Nguyen Duy Hai from Da Lat city, who has had his right leg tumor removed, is practicing walking by using a mobile walker for disabled people twice a day at Ho Chi Minh City-based FV hospital and be expected to discharged in a month.
Over the past two weeks, the 32-year-old patient is instructed by 2 physical therapists to exercise his left leg that he didn’t use for the last four years.
As the fourth son of a 5-children family, Hai was born a normal child until his limbs got weakened and unable to stand.
At 4, his right leg showed abnormal signs of growing much faster than the other one. He left school at 11 when his deformity was difficult to cope with.The tumor weighed up to 25 kg when he was 17, prompting his family to ask Lam Dong General Hospital to amputate the right limb. At the time, doctors still couldn’t diagnose the cause and the tumor suffered from cracked skin and necrosis.
However, since 2001, the amputated leg developed a tumor again, which kept growing bigger until it reached 1m in diameter and 80 kg in weight.
Well-known American surgeon McKay McKinnon successfully removed his massive tumor after a grueling 12-hour long surgery at HCMC-based FV hospital on January 5, 2012.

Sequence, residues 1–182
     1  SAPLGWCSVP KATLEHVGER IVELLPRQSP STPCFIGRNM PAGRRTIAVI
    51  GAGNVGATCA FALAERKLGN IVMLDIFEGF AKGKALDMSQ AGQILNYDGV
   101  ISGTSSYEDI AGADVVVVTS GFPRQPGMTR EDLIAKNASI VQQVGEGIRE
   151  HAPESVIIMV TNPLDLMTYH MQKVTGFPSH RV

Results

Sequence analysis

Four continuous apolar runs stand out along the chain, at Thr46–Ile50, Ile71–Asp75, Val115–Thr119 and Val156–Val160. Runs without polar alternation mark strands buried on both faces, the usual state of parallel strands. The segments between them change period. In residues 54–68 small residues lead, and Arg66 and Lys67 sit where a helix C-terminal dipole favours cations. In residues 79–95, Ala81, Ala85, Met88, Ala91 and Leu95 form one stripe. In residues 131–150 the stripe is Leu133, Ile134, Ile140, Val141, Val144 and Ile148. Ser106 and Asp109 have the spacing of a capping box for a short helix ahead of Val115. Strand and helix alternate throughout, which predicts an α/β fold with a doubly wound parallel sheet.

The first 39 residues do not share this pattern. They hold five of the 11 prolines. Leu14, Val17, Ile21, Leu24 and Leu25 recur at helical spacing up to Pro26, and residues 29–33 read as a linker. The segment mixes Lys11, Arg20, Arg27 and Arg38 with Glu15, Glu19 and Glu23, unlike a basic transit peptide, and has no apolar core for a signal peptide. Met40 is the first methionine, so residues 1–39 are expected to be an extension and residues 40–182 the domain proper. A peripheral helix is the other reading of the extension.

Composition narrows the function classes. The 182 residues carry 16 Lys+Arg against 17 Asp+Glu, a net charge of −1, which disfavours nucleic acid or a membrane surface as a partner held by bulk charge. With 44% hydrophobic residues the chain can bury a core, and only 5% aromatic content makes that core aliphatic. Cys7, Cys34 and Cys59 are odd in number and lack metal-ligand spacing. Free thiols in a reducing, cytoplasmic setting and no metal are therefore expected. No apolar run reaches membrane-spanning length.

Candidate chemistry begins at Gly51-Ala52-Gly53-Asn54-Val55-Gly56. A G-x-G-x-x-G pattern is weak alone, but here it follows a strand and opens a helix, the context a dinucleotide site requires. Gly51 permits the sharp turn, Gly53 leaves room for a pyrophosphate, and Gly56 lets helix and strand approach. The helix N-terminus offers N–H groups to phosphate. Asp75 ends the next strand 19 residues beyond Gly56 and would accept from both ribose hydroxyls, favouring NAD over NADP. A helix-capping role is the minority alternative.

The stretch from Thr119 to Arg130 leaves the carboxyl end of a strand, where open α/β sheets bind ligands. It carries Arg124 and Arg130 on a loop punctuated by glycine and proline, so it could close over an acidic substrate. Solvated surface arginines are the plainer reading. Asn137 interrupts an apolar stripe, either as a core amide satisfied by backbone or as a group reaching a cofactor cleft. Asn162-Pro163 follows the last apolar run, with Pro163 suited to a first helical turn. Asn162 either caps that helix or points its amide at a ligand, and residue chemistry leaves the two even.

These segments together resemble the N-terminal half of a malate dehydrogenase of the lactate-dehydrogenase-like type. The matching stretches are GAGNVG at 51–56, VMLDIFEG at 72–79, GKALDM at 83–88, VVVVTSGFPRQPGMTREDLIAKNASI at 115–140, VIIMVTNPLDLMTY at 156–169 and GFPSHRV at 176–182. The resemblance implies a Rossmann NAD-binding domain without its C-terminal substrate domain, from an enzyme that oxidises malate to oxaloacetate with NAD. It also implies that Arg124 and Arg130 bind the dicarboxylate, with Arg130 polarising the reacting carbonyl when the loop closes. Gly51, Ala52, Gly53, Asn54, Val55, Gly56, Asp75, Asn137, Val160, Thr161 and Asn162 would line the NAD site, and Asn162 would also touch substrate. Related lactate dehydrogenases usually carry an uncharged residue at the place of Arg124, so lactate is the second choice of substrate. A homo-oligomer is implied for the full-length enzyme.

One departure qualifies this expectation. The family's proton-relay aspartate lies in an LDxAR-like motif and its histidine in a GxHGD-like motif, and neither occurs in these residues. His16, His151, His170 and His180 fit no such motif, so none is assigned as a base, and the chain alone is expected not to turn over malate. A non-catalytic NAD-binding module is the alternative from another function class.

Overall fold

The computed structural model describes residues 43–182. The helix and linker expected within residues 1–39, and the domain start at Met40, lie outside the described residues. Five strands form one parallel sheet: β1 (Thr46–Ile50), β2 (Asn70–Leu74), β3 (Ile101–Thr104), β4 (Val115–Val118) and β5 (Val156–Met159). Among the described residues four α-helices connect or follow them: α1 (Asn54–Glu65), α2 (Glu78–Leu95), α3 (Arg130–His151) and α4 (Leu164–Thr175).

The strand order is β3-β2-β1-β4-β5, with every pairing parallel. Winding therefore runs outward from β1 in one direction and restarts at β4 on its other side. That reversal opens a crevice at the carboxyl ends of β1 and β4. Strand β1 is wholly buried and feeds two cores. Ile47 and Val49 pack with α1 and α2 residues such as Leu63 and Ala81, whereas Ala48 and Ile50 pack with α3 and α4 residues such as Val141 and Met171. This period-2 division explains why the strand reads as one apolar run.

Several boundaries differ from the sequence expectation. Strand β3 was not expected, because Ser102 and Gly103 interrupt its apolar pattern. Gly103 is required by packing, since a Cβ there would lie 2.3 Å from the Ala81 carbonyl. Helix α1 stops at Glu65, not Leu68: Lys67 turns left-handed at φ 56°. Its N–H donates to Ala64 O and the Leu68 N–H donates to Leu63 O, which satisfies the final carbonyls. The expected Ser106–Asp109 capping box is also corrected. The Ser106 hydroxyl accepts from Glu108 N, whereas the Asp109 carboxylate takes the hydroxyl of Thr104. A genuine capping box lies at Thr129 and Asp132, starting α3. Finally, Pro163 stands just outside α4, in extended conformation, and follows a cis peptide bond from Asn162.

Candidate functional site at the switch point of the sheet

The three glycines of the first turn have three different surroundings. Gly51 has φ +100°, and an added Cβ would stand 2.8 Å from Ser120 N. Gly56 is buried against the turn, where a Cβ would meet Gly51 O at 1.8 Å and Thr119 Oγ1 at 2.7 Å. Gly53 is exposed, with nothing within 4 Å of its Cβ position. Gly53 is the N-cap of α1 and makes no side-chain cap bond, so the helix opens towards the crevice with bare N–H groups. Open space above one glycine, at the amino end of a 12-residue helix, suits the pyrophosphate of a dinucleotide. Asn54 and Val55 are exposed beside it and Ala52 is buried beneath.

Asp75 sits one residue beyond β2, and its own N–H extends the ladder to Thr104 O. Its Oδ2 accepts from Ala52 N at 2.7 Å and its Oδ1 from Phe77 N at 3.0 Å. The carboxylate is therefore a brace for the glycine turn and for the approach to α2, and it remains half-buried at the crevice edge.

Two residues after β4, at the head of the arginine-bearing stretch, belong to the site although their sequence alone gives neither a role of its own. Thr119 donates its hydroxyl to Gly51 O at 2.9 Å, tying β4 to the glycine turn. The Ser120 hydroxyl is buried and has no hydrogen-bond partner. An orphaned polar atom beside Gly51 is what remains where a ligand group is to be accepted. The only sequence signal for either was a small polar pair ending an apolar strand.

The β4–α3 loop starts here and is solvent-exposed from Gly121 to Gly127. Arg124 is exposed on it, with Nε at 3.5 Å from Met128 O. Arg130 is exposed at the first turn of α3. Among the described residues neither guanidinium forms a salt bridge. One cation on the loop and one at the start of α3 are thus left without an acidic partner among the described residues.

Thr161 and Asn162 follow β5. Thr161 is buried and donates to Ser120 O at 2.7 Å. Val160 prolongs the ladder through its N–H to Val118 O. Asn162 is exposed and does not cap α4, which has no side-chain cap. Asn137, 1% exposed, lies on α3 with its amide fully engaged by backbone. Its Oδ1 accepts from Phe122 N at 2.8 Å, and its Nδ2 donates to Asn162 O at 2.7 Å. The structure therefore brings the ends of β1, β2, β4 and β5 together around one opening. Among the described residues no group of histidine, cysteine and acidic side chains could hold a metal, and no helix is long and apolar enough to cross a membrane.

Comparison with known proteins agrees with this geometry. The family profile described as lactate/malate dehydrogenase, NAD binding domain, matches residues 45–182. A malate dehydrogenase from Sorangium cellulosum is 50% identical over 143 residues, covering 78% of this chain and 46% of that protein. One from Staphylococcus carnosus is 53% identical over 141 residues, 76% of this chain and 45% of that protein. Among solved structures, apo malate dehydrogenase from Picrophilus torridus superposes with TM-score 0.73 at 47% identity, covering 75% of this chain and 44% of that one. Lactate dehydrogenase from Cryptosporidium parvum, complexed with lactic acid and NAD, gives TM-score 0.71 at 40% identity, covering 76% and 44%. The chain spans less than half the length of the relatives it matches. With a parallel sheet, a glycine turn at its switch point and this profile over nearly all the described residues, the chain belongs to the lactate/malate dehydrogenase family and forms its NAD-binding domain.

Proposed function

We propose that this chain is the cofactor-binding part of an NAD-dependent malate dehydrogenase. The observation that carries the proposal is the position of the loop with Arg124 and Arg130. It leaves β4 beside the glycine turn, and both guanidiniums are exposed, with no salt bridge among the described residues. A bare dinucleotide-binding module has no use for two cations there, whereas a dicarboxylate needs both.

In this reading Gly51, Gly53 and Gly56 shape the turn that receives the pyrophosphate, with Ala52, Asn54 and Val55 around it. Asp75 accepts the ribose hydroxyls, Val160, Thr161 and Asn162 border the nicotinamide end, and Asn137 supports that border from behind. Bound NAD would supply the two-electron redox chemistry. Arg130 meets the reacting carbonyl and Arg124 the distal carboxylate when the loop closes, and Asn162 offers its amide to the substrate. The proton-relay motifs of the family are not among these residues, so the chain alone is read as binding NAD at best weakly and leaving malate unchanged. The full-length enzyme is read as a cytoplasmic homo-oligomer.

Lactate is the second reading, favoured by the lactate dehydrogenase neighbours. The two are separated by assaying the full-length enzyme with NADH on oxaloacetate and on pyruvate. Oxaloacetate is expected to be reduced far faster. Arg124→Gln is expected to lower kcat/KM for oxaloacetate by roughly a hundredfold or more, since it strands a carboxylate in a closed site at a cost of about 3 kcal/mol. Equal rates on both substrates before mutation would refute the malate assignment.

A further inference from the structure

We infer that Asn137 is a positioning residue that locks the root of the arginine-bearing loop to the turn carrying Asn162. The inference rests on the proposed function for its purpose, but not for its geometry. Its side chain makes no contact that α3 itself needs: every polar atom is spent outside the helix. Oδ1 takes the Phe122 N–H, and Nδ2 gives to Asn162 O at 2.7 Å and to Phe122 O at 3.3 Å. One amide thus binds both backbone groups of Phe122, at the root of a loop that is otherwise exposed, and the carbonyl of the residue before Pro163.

Nguyen Duy Hai of Lam Dong Province, the 33-year-old man who had an 82-kilogram tumor removed on January 5, has recovered sufficiently to be discharged from the hospital, doctors said.
“However, it will take some more time to complete the skin transplantation,” said Dr. Phan Van Thai of Ho Chi Minh City’s FV Hospital.
He said that Hai developed necrosis two weeks after the surgery. However, his wounds healed well after another two weeks without becoming infected and in that time he stopped using painkillers, he said.
Just one month after the surgery, Hai was able to stand up and walk on crutches for a few steps, the hospital said.
“It was an amazing recovery and brought extreme happiness not only to Hai but for the entire hospital staff who have been taking care of him,” it said.
Sylvie Nguyen of FV Hospital said she had prepared a special diet for Hai. “We divided it into 10 meals per day because he could not eat much each time. Every meal is rich in calories to improve his health and to prepare him for the skin transplant,” she said.
Catherine Cousin, head of the hospital’s physical therapy ward, said Hai has been very diligent in doing his prescribed exercises and has shown great improvement. Doctors said Hai will have to stay in the hospital for an additional month to have a series of skin transplant procedures, after which time, they expect him to return to his home in Lam Dong’s Da Lat Town, where he plans to learn how to repair mobile phones in order to earn a living.